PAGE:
In addition to one-on-one training, Constance offers classes and bootcamps for her clients. There are never more than five people in a class so that she can still give individual attention to each person.
Former client and friend Amy Gartman said she lost 15 pounds, reduced her body fat and went from being able to do two pushups to 50 pushups.
Gartman, who trained with Constance for two to three years, described Constance as being very attentive and understanding. The two met when Constance worked at Fitness Together.
Gartman, who has three children and lives across town from Body of Work, said that Constance would still be her trainer if Body of Work was located closer to her home.
“I would without a doubt recommend her to anyone who is thinking about getting a personal trainer,” Gartman said. “So much of what I learned I still try to maintain today.”
But over the years Constance has learned that being a personal trainer is more than just exercise and proper nutrition. It’s being a friend and confidant, offering a listening ear.
“I wear many hats,” she said. “Sometimes I end up talking to them about the problems in their life because they maybe feel like they can’t talk to anyone else. People come in with pain, whether it’s in their body or in their heart. People have cried and asked me to pray with them.”
And other times, clients introduce her to their families and tell her funny stories about their pets. She’s created real friendships and relationships with her clients. Constance and Gartman have maintained a friendship even though Gartman is no longer a client.
The two recently attended an Alabama football game together, Gartman attended Constance’s wedding in March and they go out to dinner from time to time.
“You learn a lot about each other during the training sessions, which creates a greater trust and you feel more confident knowing that someone really believes in you.”
She’s also been an inspiration to her family, encouraging them to be more proactive when it comes to their health.
Constance’s mother said she’s been instrumental with helping family members who struggle with weight get on the right track.
Lipscomb said that often times people who struggle with their weight tend to have low self esteem and Constance works to build them up before they even begin a workout regimen.
“She’s motivational. She encourages you and makes you believe that you can do it. When people come in looking for a quick fix, she gets their mind ready and then proceeds.”
Constance’s desire to see her family members live healthy lifestyles stems in part from the death of her grandmother.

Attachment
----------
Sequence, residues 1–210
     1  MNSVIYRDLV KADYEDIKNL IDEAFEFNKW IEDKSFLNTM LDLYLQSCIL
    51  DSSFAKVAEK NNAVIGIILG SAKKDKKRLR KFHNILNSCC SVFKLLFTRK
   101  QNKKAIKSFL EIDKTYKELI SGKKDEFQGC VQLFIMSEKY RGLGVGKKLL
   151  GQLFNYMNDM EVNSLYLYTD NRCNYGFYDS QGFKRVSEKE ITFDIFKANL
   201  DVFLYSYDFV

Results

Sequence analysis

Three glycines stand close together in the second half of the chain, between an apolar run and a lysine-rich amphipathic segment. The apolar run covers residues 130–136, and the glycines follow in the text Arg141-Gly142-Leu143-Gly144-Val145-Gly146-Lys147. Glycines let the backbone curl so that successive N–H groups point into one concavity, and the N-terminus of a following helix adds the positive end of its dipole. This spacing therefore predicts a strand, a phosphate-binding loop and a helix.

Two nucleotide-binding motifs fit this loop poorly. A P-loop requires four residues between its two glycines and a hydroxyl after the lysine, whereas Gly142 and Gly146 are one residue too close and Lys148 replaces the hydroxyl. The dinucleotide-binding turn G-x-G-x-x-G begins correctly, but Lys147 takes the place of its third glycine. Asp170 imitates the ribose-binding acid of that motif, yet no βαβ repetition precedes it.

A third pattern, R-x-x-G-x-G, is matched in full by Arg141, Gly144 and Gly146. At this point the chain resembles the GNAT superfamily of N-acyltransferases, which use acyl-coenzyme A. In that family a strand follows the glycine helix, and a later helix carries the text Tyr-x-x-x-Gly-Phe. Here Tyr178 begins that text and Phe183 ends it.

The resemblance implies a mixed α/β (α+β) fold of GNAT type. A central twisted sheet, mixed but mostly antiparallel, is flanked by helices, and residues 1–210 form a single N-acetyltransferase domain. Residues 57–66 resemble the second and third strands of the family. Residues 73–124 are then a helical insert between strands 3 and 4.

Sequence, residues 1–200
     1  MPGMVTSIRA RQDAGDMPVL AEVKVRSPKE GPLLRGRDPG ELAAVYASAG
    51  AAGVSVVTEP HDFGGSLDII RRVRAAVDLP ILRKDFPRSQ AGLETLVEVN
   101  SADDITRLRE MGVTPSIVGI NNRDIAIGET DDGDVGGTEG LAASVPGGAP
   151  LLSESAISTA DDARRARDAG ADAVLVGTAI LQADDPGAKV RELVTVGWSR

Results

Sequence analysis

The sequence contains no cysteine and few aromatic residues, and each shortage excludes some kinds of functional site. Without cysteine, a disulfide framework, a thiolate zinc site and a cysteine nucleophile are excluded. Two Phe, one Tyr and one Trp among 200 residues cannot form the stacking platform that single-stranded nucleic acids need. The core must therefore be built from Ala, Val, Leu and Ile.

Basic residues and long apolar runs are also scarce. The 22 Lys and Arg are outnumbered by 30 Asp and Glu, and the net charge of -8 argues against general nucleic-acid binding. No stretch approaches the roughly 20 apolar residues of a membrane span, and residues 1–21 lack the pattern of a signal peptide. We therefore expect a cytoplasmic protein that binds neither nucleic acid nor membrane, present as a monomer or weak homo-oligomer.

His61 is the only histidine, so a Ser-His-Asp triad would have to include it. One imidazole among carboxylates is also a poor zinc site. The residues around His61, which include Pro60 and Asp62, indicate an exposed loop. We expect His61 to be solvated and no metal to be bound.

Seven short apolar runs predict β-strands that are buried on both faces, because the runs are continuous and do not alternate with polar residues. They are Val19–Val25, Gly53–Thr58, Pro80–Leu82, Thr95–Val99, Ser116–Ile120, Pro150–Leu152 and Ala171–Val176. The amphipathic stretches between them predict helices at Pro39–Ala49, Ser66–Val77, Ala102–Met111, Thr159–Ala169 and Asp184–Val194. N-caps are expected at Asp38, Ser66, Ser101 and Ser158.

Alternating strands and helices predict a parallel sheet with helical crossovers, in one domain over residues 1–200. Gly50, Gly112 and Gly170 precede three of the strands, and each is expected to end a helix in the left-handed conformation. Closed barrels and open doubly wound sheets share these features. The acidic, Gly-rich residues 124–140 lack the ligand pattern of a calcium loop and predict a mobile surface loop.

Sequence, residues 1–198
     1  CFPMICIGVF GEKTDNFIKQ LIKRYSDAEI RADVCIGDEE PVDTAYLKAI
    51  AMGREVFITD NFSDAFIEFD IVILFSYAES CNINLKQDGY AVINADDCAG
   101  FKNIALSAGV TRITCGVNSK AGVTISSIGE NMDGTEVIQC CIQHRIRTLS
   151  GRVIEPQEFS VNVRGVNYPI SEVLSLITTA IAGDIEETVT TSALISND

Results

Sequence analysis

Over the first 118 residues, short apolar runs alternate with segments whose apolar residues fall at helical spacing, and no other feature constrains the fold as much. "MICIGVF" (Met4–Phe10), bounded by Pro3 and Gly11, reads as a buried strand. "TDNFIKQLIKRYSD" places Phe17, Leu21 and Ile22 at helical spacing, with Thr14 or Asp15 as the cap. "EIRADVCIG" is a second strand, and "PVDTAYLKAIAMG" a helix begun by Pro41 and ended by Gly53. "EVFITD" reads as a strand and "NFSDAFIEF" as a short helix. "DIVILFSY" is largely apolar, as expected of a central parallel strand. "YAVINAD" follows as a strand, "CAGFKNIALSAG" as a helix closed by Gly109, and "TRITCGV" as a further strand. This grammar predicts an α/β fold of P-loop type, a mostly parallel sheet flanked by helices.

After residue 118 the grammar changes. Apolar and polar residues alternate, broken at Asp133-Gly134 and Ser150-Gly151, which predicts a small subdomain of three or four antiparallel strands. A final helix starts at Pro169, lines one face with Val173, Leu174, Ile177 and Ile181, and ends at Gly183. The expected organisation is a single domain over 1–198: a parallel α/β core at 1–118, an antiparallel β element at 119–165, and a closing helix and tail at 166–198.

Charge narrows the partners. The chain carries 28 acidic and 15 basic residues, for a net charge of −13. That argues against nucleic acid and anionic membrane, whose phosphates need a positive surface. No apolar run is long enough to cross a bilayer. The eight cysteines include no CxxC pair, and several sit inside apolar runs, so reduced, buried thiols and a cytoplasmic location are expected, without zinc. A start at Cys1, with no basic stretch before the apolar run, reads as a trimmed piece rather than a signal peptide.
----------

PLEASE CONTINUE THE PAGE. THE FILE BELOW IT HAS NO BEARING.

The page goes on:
“My grandmother, who was my best friend, died from diabetes in 2006,” she said. “By the time of her death she’d had both of her legs amputated. I can remember as a child seeing her eating fruit, wheat bread and giving herself insulin shots.”
On the weekends when she came home from college, she and her grandmother would go on walks together whenever she wasn’t feeling well.
“I would tell her, ‘Well come on, let’s go for a walk. It’ll make you feel better,’” Constance said. “And afterward she really would feel better.”
She remembers that her grandmother would tell her to stay away from white foods – like white rice, bread, potatoes and flour. She said it’s a lesson that she has remembered through the years, also.
So far Constance’s mother has lost 18 pounds. She helped her mother develop an exercise plan that includes exercising for 30 minutes per day during her lunch break at work. As a result, Lipscomb said her blood pressure medication has been reduced.
“Once your mindset changes, your goals change,” Lipscomb said. “It’s a lifestyle change.”
In August her hometown’s only fitness center opened. Prior to the opening of the fitness center, Lipscomb said Marion had been without a fitness center for about 10 years. Constance said sometimes she can’t help but think that if resources had been available in her hometown, her grandmother might still be alive today.
“It’s hard to watch someone go from being very independent to dependent,” she said. “My grandmother’s mind was still very strong and sharp, but her body had given out. I can be that voice in my family to tell them that it doesn’t have to be that way.”
Constance has made it her life’s work to inspire and be of use to others.
“It gives me fulfillment to help my family and my clients. They bless me,” she said.